October 5, 2020
Animal rights activists arrested at Capitol
A group of about 20 animal rights activists chained themselves to the state Capitol on Friday. They were calling for the governor to ban new factory farms and slaughterhouses, according to the Sacramento Bee.
The highway patrol arrested 19, including three who scaled the building to a second-floor balcony.
CDFA and UC Davis add to testing labs for smoke taint in winegrapes
Holdups over testing for smoke taint have been exacerbating winegrape losses in California. The few industry labs available are have been backlogged, with long wait times. Now CDFA and UC Davis are offering additional lab services to test for the smoke compounds.
“To answer a need in our world-renowned California wine industry, CDFA is proud to partner with UC Davis,” said CDFA Secretary Karen Ross.
The testing methods at the two institutions are not internationally certified, which could present legal and insurance challenges for some growers.
Pelosi: Making progress toward deal
Hopes are growing for a major new coronavirus relief package, although President Donald Trump’s illness has obviously has raised questions about when an agreement could be reached or enacted.
House Speaker Nancy Pelosi said on CBS’ Face the Nation that negotiators “are making progress.” She said she has assured airline executives that “relief is on the way … and it will be retroactive.”
From his hospital suite, President Trump on Saturday tweeted support for the talks. “OUR GREAT USA WANTS & NEEDS STIMULUS. WORK TOGETHER AND GET IT DONE. Thank you!”
Keep in mind: Several agriculture issues have broad bipartisan support are in play in the negotiations.
Take note: There will be no floor action in the Senate for the next two weeks because of the COVID-19 cases that have hit GOP senators.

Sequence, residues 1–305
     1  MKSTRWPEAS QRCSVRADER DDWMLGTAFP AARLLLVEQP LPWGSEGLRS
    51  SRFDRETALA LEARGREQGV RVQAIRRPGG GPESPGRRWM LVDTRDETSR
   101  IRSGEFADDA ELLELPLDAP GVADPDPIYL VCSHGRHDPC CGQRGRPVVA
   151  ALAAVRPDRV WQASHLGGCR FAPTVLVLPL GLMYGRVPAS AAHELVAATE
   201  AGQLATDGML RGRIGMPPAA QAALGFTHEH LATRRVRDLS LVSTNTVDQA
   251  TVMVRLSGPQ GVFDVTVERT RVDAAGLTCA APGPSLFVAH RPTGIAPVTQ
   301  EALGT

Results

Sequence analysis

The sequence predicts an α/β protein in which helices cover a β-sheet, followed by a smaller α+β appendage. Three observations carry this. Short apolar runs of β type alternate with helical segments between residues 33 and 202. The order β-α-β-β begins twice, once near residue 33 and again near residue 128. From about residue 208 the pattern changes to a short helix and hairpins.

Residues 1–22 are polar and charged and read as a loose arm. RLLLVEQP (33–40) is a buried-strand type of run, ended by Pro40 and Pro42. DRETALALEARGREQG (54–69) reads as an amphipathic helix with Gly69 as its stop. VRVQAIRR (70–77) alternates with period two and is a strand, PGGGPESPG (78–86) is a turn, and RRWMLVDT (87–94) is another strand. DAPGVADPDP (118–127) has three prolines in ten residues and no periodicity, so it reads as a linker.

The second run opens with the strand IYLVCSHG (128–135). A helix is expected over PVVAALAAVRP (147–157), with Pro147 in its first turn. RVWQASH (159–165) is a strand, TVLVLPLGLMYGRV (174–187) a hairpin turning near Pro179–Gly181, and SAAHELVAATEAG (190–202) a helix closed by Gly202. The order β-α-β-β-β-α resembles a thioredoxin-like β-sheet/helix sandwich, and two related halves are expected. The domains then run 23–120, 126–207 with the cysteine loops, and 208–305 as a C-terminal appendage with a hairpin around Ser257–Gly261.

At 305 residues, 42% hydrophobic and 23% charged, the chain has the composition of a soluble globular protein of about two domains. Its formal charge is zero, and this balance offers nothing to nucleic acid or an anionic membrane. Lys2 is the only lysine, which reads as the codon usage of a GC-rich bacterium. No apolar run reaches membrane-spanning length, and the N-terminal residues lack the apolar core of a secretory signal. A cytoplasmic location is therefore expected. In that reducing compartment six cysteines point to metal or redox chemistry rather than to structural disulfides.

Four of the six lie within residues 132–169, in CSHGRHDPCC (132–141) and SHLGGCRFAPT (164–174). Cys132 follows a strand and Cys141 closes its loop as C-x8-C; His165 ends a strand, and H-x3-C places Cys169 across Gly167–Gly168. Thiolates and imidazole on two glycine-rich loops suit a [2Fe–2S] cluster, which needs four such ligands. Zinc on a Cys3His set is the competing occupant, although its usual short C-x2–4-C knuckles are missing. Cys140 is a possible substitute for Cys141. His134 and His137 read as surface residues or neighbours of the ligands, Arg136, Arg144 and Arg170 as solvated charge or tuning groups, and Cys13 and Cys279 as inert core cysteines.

Canada cracks down on U.S. romaine
In a move that has surprised the produce industry, Canada is requiring importers of romaine lettuce from the Salinas Valley in California — as well as mixed salads containing romaine — to provide a certificate from an accredited laboratory showing the lettuce is free E. coli bacteria.
Canada also will continue to require that imported leafy greens from California be sourced from certified members of the Leafy Greens Marketing Agreement, according to the Canadian Food Inspection Agency.
Multiple E. coli outbreaks in recent years have been associated with romaine lettuce from the U.S., including California and Arizona. CFIA said the requirements will take effect Wednesday and last through the end of the year. The Canadian Produce Marketing Association expects Canadian importers to lose at least $11 million a week.
Shipments of romaine lettuce or salad mixes containing romaine from outside the California counties of Santa Clara, Santa Cruz, San Benito and Monterey must have a declaration of origin from the exporter.
Keep in mind: This appears to be in line with the regionalized targeting that the U.S. has been pushing trading partners to adopt.
FDA seeking input on traceability
FDA has scheduled three public meetings on its proposal to require more recordkeeping for foods on its proposed Food Traceability List. The virtual meetings, announced in a Federal Register notice published today, are slated for Nov. 6, Nov. 18, and Dec. 2.
The Sept. 23 proposed rule lays out requirements for supplying Key Data Elements — such as the quantity of food and where it came from – associated with different Critical Tracking Events, including shipping and receiving.
Among the foods on the proposed traceability list are shell eggs, melons, leafy greens and all types of fresh-cut fruits and vegetables. FDA said it will publish the final list when it publishes the final traceability rule.
EPA acting to promote sustainable ag
EPA has signed agreements with Maryland and Pennsylvania to help promote sustainable practices on farms in both states, which are located in the Chesapeake Bay watershed.
The agency announced the agreements Friday. In both, EPA and the state departments of agriculture commit to the goal of “well-managed, sustainable farms that produce food for our communities and a clean environment for everyone to enjoy.”
Both agreements also seek to provide funding directly to the state agriculture departments.
EPA is currently being sued for not enforcing Clean Water Act requirements against Pennsylvania to reduce pollution flowing into the bay. The agency has similar agreements with Delaware and West Virginia and plans to sign another one soon with Virginia.
He said it:
“It’s not just the folks at the White House who deserve regular testing. It’s the folks in the meatpacking and food processing plants, the grocery workers.” – Former Vice President Joe Biden, at a United Food and Commercial Workers event in Michigan.
Steve Davies and Bill Tomson contributed to this report.
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